Bob Campbell, Odessa American, Texas. Observing its 10th anniversary as a publicly traded company, Diamondback Energy had a successful third quarter and it looks forward to capitalizing on its purchase of the Fort Worth-based FireBird Energy Co.
That’s according to Chairman-CEO Travis Stice and President-CFO Kaes Van’t Hof, who say inflation remains a challenge.
“Our commitment to being the lowest-cost operator in the Permian Basin has been and will continue to position us for success,” Stice said in his company’s recent third-quarter earnings call. “In the quarter, we produced over 224,000 barrels of oil per day and generated $1.7 billion in operating cash flow, leading to free cash flow of $1.2 billion.”
Stice said Diamondback has been thereby able to return at least 75 percent of its free cash flow to shareholders.
“In October, we announced the pending acquisition of the assets of FireBird Energy, a company with a large, contiguous position in the Midland Basin,” he said in reference to the sedimentary basin from which oil and natural gas are pumped primarily in Martin, Midland, Upton, Howard, Glasscock, and Reagan counties.
“FireBird has the right balance of cash flow and inventory and the acquisition is immediately accretive on all relevant per-share financial metrics while providing a long runway of high-quality drilling opportunities.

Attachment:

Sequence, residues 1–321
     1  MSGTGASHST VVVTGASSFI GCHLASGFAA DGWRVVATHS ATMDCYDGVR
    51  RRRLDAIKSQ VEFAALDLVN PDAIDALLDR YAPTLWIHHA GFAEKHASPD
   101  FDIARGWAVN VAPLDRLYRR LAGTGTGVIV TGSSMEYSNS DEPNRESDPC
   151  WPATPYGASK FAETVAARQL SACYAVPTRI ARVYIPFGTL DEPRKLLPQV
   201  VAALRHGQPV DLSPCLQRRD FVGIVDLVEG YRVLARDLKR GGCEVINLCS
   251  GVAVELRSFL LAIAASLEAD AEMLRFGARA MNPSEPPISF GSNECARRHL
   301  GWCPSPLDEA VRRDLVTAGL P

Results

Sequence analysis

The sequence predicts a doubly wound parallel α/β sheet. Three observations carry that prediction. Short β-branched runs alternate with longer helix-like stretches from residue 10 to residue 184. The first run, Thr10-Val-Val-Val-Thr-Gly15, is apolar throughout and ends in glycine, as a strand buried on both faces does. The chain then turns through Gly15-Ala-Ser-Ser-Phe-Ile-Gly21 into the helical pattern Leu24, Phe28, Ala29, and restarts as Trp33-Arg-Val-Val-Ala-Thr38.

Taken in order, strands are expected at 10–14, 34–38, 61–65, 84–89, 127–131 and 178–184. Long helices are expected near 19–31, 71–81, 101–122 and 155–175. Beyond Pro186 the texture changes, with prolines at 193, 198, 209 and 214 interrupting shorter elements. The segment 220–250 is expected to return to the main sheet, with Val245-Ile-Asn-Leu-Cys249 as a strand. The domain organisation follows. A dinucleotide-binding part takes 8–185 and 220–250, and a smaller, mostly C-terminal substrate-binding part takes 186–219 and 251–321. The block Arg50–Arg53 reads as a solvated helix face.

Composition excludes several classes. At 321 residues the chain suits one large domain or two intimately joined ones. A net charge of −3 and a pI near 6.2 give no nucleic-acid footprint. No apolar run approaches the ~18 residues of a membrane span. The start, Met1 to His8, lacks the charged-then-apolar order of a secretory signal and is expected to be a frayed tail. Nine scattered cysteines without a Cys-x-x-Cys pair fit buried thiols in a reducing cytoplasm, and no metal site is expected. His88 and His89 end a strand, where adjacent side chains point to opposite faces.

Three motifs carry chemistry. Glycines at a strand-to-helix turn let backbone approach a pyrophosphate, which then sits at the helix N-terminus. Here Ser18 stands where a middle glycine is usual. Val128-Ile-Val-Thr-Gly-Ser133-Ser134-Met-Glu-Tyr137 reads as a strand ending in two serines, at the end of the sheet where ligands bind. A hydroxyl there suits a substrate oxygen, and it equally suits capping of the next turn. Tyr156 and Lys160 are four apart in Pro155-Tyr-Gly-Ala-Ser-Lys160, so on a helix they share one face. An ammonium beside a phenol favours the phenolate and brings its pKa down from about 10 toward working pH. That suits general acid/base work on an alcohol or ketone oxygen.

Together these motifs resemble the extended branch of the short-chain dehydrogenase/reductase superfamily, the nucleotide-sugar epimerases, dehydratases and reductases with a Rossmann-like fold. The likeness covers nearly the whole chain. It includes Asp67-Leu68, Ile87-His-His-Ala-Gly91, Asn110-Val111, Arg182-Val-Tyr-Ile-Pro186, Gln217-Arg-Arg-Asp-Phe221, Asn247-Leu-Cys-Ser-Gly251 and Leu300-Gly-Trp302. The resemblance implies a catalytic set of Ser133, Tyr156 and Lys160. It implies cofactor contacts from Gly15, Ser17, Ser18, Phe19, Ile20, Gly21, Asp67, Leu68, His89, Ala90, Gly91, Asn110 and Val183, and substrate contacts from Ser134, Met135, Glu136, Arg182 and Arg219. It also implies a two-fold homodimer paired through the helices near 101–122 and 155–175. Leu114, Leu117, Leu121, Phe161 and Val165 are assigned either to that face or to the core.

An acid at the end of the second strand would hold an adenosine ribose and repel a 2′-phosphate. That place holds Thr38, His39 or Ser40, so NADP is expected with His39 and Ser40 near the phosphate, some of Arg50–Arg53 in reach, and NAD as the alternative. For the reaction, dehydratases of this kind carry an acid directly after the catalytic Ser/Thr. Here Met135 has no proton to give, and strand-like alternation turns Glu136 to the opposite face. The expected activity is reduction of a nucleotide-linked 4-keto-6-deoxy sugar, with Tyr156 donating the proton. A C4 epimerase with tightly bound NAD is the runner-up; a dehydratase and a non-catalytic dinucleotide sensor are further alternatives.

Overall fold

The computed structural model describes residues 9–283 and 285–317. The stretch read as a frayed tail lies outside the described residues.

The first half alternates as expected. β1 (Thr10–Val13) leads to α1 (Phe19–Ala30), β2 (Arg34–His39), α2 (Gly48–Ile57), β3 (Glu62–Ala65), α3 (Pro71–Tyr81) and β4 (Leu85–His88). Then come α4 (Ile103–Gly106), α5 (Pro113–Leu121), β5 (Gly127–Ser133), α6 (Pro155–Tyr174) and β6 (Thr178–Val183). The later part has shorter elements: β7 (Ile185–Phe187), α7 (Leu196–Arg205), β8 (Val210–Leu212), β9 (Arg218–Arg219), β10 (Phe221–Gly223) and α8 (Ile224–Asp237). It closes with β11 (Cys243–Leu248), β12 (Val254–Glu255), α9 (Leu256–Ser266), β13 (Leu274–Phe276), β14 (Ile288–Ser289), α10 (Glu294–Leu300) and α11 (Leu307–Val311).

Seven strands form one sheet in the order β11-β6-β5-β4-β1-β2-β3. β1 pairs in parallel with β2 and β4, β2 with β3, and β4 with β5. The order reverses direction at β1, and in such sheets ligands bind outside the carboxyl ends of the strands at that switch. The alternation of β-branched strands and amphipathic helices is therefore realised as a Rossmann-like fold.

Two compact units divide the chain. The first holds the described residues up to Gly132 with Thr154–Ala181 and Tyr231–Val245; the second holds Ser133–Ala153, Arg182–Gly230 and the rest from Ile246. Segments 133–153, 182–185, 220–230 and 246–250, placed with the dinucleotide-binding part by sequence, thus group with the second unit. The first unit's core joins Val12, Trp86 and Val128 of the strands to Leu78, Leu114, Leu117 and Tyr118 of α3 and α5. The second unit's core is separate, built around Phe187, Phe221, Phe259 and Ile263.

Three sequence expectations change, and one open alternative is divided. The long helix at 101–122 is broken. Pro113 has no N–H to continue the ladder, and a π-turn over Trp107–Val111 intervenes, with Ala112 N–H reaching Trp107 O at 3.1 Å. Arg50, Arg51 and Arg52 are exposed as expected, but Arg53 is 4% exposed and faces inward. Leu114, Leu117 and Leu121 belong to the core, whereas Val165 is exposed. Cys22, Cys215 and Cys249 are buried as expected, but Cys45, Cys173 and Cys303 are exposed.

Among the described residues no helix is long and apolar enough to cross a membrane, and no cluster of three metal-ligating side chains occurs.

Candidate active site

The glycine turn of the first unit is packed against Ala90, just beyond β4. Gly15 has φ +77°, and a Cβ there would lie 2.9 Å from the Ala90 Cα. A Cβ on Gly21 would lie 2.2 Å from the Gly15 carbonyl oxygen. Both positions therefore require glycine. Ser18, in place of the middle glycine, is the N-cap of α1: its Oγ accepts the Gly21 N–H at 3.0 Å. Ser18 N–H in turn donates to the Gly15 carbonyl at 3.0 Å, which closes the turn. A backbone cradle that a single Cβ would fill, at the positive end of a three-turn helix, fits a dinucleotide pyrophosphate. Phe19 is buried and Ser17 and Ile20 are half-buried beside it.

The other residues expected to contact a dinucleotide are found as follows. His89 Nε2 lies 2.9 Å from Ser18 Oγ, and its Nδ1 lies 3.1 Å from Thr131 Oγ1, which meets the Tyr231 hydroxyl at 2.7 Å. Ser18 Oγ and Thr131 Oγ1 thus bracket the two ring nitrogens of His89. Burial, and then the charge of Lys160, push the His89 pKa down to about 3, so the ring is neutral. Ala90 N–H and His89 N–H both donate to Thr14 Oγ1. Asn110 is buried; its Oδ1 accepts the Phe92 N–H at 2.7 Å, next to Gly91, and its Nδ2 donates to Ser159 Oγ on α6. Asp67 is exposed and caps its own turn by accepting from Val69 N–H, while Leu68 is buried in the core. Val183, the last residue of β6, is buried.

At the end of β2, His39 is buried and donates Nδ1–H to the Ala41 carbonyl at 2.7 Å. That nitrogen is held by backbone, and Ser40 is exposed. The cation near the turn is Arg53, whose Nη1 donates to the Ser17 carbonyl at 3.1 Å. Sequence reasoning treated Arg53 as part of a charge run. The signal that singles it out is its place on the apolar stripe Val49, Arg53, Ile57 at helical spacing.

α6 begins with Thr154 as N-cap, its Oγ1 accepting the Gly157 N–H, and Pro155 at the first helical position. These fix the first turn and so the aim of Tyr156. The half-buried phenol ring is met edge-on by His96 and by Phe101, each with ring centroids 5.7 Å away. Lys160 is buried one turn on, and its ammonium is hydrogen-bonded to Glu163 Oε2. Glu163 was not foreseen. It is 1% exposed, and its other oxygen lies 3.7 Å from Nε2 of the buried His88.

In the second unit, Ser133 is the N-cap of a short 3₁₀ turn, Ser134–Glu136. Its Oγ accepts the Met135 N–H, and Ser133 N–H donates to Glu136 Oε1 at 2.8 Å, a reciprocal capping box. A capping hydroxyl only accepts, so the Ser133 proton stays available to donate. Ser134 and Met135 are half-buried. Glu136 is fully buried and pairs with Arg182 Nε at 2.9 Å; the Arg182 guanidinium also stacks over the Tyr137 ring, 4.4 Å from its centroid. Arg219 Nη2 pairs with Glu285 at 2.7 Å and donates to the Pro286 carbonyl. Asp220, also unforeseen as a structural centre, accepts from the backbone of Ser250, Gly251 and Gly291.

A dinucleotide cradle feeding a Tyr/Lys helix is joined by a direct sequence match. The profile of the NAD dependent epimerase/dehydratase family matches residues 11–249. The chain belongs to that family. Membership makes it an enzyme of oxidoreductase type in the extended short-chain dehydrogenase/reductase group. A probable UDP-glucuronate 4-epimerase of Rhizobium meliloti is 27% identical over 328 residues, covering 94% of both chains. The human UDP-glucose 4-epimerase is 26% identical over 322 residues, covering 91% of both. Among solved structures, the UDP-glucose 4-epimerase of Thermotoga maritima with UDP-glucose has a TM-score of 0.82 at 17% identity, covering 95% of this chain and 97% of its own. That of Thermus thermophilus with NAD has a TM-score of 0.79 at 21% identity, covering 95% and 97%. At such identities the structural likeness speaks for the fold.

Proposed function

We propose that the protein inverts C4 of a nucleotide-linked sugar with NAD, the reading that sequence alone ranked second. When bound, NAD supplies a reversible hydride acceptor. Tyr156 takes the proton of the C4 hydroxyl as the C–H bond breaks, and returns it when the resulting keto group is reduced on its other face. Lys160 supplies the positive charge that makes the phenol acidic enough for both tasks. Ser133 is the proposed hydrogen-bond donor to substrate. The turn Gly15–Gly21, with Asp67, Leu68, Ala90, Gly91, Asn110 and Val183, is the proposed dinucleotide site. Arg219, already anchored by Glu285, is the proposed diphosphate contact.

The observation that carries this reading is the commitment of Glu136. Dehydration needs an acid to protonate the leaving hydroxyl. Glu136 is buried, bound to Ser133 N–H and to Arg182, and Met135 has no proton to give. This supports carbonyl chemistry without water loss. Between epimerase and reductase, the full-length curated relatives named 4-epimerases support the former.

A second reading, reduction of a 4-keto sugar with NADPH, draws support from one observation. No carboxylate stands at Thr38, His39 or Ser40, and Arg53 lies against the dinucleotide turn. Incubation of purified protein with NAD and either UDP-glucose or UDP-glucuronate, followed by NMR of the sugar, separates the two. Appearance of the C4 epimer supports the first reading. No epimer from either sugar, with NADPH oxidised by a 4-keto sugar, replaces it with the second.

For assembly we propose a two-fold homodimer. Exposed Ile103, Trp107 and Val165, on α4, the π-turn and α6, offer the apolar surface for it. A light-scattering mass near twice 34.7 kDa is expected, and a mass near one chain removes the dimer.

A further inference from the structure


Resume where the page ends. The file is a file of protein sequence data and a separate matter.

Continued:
“With over 350 locations, we expect to have well over a decade of run room.”
In conjunction with the acquisition, Stice reported, Diamondback will sell $500 million of its non-core assets by the end of next year with the net proceeds being used to pay down debt.
“We have closed on a $155-million sale of non-core assets in the Delaware Basin, jump-starting our program and ensuring continuous improvement to our investment-grade balance sheet,” he said.” We’ll continue to pursue strategic divestitures including the sale of certain assets within our Rattler Midstream portfolio, generating unrealized value for our shareholders.
“We have some of the best inventory in the United States with our low-cost operational machine in place and we have the unique ability to generate significant repeatable returns through the drill bit for decades to come.”
Stice said from Midland that Diamondback is working with its service providers to ensure very efficient, cost-effective personnel and equipment for 2023 including two e-fleet simul-frac crews from Halliburton, the first of which “is already in the field and performing well.
“It’s not easy to operate in this environment, but our size, scale and quality of inventory uniquely position us to deliver differentiated results and create meaningful value for our shareholders,” he said. “We’ve just celebrated 10 years as a public company, growing from a $500-million market cap to almost $30 billion today.”
The Delaware Basin lies under far West Texas and south Southeastern New Mexico.
Van’t Hof said the low costs of his company’s wells are a decided advantage. “I think we’re going to keep co-developing,” Van’t Hof said.
“In some ways, we’ll end up doing larger pads, given the sale of the Robertson Ranch area that is kicking off in a real way right now. Well costs are certainly the biggest advantage we have as a company and that’s a cultural thing from top to bottom.
“We’re very focused on keeping costs down in this inflationary environment.”